Eight days after two ships collided in Nova Scotia, killing about 2,000 people and injuring about 9,000 in December 1917, the superintendent of a Canadian school for the blind recounted the horror in a letter.
The explosion, he said, “caused a blizzard of splintered glass and this accompanied by flying shrapnel probably accounts for many deaths as well as for the loss of eyesight,” wrote Sir Charles Frederick Fraser, who led the Halifax School for the Blind.
Fraser’s plea for help made its way to the Perkins School for the Blind in Watertown and is among nearly 700 pages of letters, reports, and telegrams that tell the story of an urgent effort to assist those who suffered serious eye injuries in the disaster, which is best known in Boston for the gesture of gratitude it spawned. The efforts introduced new ways to help adults who lose some or all of their sight.
For decades, Nova Scotia has sent a Christmas tree to Boston to thank the city for dispatching medical personnel and supplies to the region after the explosion on Dec. 6, 1917. This year’s tree, a 53-foot white spruce from Cape Breton, is scheduled to be lit Thursday evening on Boston Common.
“I think a lot of people hear the story about the Massachusetts relief efforts, which were amazing and heroic,” said Susanna Coit, the archives and research library assistant at Perkins. Perkins’ role in assisting those with eye injuries “was an almost shadow relief effort organized by the American Red Cross,” she said.
The director of Perkins at the time, Edward E. Allen, led the group known as the American Red Cross Committee on Eye Victims of the Halifax Disaster. A month after the tragedy, Fraser sent a telegram begging Allen to visit.
“Wish you could come to Halifax soon,” Fraser, a Perkins School graduate, wrote on Jan. 9, 1918.
The missive is part of Perkins’ recently published online archive. Allen left for Nova Scotia the next day and spent two weeks there, Coit said.
“I just think that expresses how lonely it was up there,” she said.
Many were injured when explosives aboard one of the ships, the SS Mont Blanc, caught fire and detonated, tearing the vessel apart and scattering glass and debris. Before the explosion, many victims gathered around windows to watch the spectacular fire, unaware of the vessel’s explosive cargo.
“There wasn’t a pane of glass that wasn’t shattered in Halifax,” said Paul Maxner, senior archivist at the Nova Scotia Archives, who is in Boston for the tree lighting. “When Boston come to the aid, they called Halifax the ‘shattered city.’ ”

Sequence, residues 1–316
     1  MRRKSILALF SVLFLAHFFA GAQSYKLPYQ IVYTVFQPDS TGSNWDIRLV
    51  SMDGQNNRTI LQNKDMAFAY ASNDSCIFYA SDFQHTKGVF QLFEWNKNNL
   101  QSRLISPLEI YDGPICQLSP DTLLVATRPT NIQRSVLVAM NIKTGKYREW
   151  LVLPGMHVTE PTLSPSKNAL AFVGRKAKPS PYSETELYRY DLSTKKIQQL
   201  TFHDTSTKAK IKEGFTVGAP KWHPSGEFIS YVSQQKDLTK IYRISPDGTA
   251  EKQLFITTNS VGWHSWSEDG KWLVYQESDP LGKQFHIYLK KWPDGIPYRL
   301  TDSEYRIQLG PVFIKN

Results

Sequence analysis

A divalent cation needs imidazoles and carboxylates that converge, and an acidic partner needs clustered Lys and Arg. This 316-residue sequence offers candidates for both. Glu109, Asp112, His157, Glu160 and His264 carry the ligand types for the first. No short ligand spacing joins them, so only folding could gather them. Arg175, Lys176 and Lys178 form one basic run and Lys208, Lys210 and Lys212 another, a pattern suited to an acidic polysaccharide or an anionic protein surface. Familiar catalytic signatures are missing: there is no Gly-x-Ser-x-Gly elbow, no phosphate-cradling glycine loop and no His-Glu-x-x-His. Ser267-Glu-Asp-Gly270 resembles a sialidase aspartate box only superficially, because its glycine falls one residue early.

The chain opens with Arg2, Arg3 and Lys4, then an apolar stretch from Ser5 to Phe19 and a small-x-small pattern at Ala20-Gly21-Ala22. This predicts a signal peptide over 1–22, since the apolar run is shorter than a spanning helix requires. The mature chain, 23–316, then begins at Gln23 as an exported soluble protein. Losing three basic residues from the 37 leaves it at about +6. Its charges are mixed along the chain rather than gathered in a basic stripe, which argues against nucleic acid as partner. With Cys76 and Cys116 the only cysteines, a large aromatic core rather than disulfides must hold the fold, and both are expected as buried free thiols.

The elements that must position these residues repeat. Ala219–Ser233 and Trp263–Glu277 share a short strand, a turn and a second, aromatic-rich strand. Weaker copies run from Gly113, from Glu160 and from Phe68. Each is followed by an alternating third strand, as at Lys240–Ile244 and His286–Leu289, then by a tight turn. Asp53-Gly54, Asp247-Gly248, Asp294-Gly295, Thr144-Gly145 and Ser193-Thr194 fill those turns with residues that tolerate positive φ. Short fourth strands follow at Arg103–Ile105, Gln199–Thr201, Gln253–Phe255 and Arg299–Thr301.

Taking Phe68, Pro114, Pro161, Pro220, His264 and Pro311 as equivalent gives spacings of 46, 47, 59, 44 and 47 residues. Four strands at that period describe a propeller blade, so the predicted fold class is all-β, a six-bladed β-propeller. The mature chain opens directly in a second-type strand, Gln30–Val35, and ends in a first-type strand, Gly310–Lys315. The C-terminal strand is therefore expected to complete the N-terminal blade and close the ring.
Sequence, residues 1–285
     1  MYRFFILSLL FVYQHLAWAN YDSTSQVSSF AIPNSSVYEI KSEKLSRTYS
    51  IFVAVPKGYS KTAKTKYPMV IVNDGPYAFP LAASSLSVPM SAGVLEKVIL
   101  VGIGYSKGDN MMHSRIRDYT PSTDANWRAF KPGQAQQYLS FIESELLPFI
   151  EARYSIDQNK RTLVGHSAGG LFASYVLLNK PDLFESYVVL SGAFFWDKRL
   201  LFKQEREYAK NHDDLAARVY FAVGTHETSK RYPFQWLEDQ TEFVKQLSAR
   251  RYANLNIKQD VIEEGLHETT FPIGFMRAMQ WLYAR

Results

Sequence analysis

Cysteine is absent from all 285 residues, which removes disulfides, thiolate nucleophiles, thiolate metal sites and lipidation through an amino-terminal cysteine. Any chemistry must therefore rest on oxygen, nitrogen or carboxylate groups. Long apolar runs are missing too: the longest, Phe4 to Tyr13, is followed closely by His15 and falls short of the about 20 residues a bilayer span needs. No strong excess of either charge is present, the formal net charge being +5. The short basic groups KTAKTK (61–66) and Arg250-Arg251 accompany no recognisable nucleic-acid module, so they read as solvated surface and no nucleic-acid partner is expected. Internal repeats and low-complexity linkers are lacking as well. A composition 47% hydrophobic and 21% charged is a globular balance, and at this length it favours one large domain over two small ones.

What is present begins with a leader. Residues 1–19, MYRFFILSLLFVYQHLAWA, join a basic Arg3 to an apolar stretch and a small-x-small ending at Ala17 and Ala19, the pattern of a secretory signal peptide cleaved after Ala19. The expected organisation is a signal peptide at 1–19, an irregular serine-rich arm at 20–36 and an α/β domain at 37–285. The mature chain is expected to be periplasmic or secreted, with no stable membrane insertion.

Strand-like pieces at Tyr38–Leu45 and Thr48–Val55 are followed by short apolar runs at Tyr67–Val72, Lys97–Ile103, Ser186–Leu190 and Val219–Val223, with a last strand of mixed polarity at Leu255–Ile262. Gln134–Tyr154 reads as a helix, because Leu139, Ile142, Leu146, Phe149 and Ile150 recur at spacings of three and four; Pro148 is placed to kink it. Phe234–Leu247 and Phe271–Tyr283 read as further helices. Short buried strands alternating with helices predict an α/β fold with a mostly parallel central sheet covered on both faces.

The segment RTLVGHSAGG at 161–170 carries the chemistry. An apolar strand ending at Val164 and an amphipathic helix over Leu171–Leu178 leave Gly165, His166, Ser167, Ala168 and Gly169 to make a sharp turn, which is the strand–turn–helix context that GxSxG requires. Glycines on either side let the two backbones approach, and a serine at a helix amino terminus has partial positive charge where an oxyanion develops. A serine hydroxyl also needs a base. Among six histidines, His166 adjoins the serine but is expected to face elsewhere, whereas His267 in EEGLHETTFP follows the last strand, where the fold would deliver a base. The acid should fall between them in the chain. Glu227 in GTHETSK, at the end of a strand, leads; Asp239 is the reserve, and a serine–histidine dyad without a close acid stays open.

According to CNIB, a Canadian organization that helps people with vision loss, about 850 explosion survivors were blinded or partially blinded.
Allen’s committee established an eye clinic and worked with Fraser to establish training programs for adults who suffered vision loss. Lotta S. Rand, a social worker with Massachusetts Commission for the Blind, tracked activity at the clinic, writing to Allen almost daily with updates that have been preserved by Perkins School.
All of the documents, which are now available online, were previously stored in the school’s archives and are accessible to people with visual impairments.
Dave Power, president and chief executive of Perkins School, said the explosion marked a transformative moment for educators working with the blind and visually impaired.
Until then, Power said, education for people with vision impairments was largely devoted to children who were born with sight problems or who developed them at a young age. The Halifax disaster, however, left hundreds of adults unable to live and work as they had before.
“There’s a whole field of adult vision services that were nascent at that time,” Power said. “What are these people going to do? How are they going to reengage in their lives, in their communities, in their vocations?”
In a report prepared in 1918 about the relief efforts in Halifax, Allen emphasized restoring normalcy for those who have lost some or all of their vision.
“Rehabilitating the blinded is of paramount necessity,” he wrote. “For enforced idleness under blindness is harder to bear than blindness itself, and makes of the condition a tragedy it need not be.”Laura Crimaldi can be reached at email@example.com. Follow her on Twitter @lauracrimaldi.